To decrease the chance of coal dust combustion in bunkers, employees developed an online and offline main plant silo unloading procedure. The online procedure calls for unloading one silo in each unit every day to flush out stagnant coal that can accumulate at the profile change. This means that every bunker is unloaded once per week to encourage first-in first-out coal storage throughout the system.

The offline procedure sets timelines for how long coal can sit in an offline silo. Reclaimed coal has a higher chance of spontaneous combustion due to its higher oxidation levels as a result of being exposed to atmospheric elements for longer periods of time, so the times vary depending on whether the coal in the bunker came straight from a train or if it was reclaimed from a stockpile.

Workaround procedures have been developed for coal system equipment failures. The procedures focus on calling LRS and emergency response personnel to come together and agree upon any workarounds that may be required to continue operating the coal system. This procedure ensures everyone stops, assesses all the hazards, and comes up with the best possible solution to any problem.

Finally, the plant’s Emergency Action Plan was updated to ensure the well-equipped Wheatland Volunteer Fire Department (Figure 4) is the first responder to all PRB coal combustion events. This is a natural fit, as eight members of the fire department are also current LRS employees, making them very familiar with the plant.

4. Ready for duty. The Wheatland Volunteer Fire Department is designated as the first responder to all coal combustion events. Pictured here from the left are Kevin Brown, Bob Glasson, Barry Sishc, and Scott Scheller. Courtesy: Basin Electric Power Cooperative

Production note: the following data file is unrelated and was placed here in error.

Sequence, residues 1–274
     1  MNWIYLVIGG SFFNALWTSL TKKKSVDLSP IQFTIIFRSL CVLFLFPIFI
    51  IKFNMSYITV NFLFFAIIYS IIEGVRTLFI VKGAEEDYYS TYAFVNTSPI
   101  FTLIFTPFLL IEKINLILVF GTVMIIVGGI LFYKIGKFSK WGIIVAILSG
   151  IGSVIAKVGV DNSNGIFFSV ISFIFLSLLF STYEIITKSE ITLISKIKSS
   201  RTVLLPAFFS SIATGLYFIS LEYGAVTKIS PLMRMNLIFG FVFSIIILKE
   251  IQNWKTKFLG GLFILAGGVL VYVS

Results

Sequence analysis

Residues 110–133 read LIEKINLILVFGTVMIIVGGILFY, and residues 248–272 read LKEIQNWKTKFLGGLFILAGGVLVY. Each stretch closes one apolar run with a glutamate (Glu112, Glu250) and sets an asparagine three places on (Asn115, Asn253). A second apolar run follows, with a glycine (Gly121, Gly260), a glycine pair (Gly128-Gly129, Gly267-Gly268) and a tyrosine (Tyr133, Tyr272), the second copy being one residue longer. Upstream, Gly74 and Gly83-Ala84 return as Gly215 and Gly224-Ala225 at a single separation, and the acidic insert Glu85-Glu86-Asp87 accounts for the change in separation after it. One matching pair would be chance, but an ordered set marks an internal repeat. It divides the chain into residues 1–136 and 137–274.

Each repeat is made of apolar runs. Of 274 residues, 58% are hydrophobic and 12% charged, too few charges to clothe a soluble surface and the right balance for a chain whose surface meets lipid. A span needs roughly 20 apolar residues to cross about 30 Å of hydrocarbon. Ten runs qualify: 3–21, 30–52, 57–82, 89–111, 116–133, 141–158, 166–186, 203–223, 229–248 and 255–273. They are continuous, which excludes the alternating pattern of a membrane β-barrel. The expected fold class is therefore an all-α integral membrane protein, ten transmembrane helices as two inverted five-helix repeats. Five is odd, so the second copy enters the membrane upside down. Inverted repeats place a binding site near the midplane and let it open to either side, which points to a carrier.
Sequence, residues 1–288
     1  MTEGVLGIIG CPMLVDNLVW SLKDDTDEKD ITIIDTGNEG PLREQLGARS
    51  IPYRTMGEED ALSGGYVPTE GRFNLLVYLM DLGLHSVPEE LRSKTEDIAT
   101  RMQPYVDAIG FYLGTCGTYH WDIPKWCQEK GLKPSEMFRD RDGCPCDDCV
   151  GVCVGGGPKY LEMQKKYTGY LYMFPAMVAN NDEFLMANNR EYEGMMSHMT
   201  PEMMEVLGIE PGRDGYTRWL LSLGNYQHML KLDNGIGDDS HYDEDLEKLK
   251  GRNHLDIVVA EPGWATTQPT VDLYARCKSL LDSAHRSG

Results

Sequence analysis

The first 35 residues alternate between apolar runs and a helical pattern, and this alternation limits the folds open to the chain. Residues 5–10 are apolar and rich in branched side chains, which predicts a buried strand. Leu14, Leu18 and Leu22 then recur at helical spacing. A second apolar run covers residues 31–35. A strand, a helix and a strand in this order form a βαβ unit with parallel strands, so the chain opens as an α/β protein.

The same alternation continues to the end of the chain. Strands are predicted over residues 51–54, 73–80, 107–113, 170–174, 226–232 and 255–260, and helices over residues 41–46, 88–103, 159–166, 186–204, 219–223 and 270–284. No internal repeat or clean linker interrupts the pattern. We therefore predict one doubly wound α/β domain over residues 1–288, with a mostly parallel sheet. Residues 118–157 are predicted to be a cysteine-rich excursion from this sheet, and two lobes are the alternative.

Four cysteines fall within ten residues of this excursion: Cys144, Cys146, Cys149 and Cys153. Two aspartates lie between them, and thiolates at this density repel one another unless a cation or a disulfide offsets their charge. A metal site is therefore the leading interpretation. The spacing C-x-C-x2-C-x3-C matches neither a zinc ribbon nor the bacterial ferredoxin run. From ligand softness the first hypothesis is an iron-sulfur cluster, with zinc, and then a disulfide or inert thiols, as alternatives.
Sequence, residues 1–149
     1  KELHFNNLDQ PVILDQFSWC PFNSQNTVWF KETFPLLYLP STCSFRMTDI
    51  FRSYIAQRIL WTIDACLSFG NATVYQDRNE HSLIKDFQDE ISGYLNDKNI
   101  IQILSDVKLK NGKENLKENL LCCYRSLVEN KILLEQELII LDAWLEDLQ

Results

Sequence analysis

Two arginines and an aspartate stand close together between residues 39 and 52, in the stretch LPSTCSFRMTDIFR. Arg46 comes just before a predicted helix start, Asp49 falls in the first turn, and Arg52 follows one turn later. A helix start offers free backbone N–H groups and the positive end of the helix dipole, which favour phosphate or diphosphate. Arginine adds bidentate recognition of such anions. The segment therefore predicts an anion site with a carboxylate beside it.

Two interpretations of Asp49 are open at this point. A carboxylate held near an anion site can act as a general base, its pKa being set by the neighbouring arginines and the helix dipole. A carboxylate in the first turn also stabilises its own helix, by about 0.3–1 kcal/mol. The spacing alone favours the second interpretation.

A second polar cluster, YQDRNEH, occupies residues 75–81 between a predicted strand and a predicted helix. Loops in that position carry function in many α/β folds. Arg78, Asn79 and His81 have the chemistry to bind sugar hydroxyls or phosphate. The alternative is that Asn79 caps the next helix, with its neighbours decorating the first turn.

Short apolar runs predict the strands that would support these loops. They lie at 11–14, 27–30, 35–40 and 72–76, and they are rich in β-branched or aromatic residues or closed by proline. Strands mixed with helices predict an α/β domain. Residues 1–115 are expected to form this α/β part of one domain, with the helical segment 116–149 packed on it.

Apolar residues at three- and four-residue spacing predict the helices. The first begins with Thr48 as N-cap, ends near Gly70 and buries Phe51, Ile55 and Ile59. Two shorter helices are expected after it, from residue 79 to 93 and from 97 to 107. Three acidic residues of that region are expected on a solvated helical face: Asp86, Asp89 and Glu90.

Training and Other Initiatives

Training has been critical to the improvement in safety and operation of the LRS coal system. LRS employees now undergo annual general PRB coal awareness training, and BEPC and the Wheatland Volunteer Fire Department have collaborated on joint training that addresses the unique hazards present at the plant.

“Laramie River Station has types of hazards we don’t usually deal with,” said Bob Glasson, Wheatland Volunteer Fire Department training captain. “Basin Electric provided us with training for coal dust combustion and specialized equipment that has helped us more effectively fight fires at the plant.”

Employees at LRS are also taking part in BEPC’s “Our Power, My Safety” process, which consists of a series of safety initiatives intended to spur continuous improvement of working conditions and keep safety top-of-mind for employees at both work and home.

Continuous Improvement (CI) initiative #1, improved worksite inspections, has been rolled out at all BEPC facilities, and CI initiative #2, improved safety communications, has been rolled out at LRS and several other BEPC facilities. CI initiative #3, employee education, will roll out in fall 2016.

BEPC’s management understands that it is imperative to make proactive changes by investing in capital projects, improving maintenance and operation techniques, updating procedures, encouraging teamwork, and conducting suitable training to help mitigate hazards. Collaboration is encouraged within facilities, as well as between companies and coal experts.

“I am proud that we have done so much in the last 28 months,” Larson said. “I feel confident that within the next three years, through the efforts of many, we will have a world-class coal system.” ■

—Article submitted by Basin Electric Power Cooperative.